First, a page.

ABDULLAH II (Jordan)

Born on 30 January 1962, Abdullah is the eldest son of the late King Hussein and his second wife Toni (Antoinette Avril) Gardiner, a British citizen who embraced Islam and took the name Muna al-Hussein upon her marriage in 1961 (she was divorced from the King in 1972). He is a descendent of the Prophet in the 43rd generation. He was named Crown prince shortly after his birth but the King transfered the title to his own brother, Hassan, in April 1965.

At the age of four, Abdullah was sent to St Edmund School in Surrey (Great Britain) and completed his high school in the United States. As of 1980 he studied at the British Military Academy at Sandhurst (London) before taking a one-year course of international affairs at Oxford University. After his return to Jordan in 1984, he served in the 40th armoured brigade. He went back to the United States in 1985 to take a commandement course at the Cavalry School of Fort Knox. He then went back for a few months to Jordan to assume command of a tank unit. In 1986 and 1987 he served in a anti-tank helicopter unit before returning to the University of Georgetown in Washington.

In June 1993, Prince Abdullah married Rania el-Yassin, from a wealthy Palestinian family from Tulkarem living in Kuwait. They have two children: Hussein (born in 1994) and Iman (born in 1996).

In 1993 he was appointed deputy commander of the Special Forces, the elite unit of the Jordanian army. He assumed command a year later and was promoted major general in May 1998.

On 25 January 1999, King Hussein demoted his brother Hassan and elevated Abdullah as Heir to the throne (although the Constitution stipulates that both parents of the King must be Arab and Muslim by birth).

A few hours after the death of his father on 7 February 1999, Abdullah was sworn in as king of Jordan – King Abdullah II – before both houses of Parliament and made his half-brother Hamzah, born in 1980, Crown Prince.

He has widespread support within the army and the Beduin tribes (who are the bedrock of the Hashemite family). The Palestinian origin of his wife as also a major asset as the majority of the Jordanian population is Palestinian.

The coronation ceremony of King Abdullah II took place on 9 June 1999 and that day has now been declared a national holiday to mark his formal accession to the Hashemite throne, replacing the 11 August which marked his father’s own acession.

King Abdullah II is head of a constitutional monarchy in which he has full powers.

The Jordanian economy has experienced a real boom throughout Abdullah’s rein with a growth amounting to 6% per annum. In addition, a series of social reforms has allowed the population to access health care and education easier. Thus, the literacy rate in Jordan is one of the highest in the Arab world: 90%

In foreign affairs, Abdullah II had the opportunity to sympathize with Pope Benedict XVI.

He also worked for the peace process in the Middle East by participating in several summits with the United States, Israel and Palestine in order to find a solution to the Israeli-Palestinian conflict.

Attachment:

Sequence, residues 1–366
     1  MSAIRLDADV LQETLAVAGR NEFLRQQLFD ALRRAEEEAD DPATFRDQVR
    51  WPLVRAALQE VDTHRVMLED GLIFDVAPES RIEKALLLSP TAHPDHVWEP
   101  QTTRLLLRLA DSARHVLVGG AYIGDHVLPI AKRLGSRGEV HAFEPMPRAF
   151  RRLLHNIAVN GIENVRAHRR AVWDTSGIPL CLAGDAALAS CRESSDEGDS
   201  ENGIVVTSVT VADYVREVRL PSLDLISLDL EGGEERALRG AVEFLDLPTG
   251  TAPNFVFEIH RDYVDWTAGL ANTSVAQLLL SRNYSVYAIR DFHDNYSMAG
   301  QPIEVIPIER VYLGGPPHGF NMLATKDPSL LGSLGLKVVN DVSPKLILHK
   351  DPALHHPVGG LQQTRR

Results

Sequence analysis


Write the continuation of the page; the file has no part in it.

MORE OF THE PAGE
During the war between Israel and Hezbollah in 2006 he tried to impose a ceasefire. In an article in Haaretz he declared that the recent confrontation in Lebanon was only a hint of disasters to come, « The frequency of these conflicts is extremely alarming » he added (King Abdullah to Haaretz: Jordan aims to develop nuclear power, Haaretz, January 20, 2007)

Jordan retains ties with Israel but continues to provide financial assistance to the Palestinian Authority. In Jordan, Palestinians obtain citizenship more easily than Iraq.

In August 2008, he became the first Arab head of state to visit Iraq since the American invasion of 2003 and the fall of the regime of Saddam Hussein.

His attitude has sparked criticism from Palestinian and Jordanians. Overall Abdullah’s cooperation with the United States has played in his favor and has allowed an improve on the economic and military sides.

This policy has attracted investors in the territory and led to negotiate an FTA with the United States. Militarily, Abdullah has chosen to direct its military choices to quality rather than quantity. Thus, Jordan has greatly improved the standing of Jordanian armaments. On the nuclear issue, King Abdullah told the Israeli newspaper Haaretz that Jordan aspires to become a nuclear power for peaceful purposes. (King Abdullah to Haaretz: Jordan aims to develop nuclear power, Haaretz, January 20, 2007)

However, Jordan is one of the few countries in the region that is not provided in oil. The country depends on its Iraqi neighbor. Unrest in Iraq represents a risk for the energy security of the country.

Like his father, King Abdullah has oriented his policy towards democracy. In a speech in the U.S. Congress he has introduced several strategies for political reforms. In order to reach his goal, the government has introduced a dozen committees to propose plans for tax reforms, judicial, institutional and economic issues.

In March 2006, Abdullah asked Parliament to work on reforms to establish municipal elections.

On 16 April 2008 a law on the formation of political parties was voted. The new regulation has been strongly criticized and was said to be discriminating. The law stipulates that the creation of a party can only take place with a certificate from the government and 500 members instead of 50. Eight of the fourteen opposition parties were dissolved.

In contrast, the incarceration of Toujan al-Faisal, a lawyer for human rights and freedom of expression has provoked strong controversy. The woman was sentenced for accusing the government of corruption, in a letter to King Abdullah. The question of democracy resurfaced in the country.

Although King Abdullah aspires to make of Jordan a democratic country, the development is somewhat limited in the context of a quasi-absolute monarchy where the king’s allies form a large majority in parliament.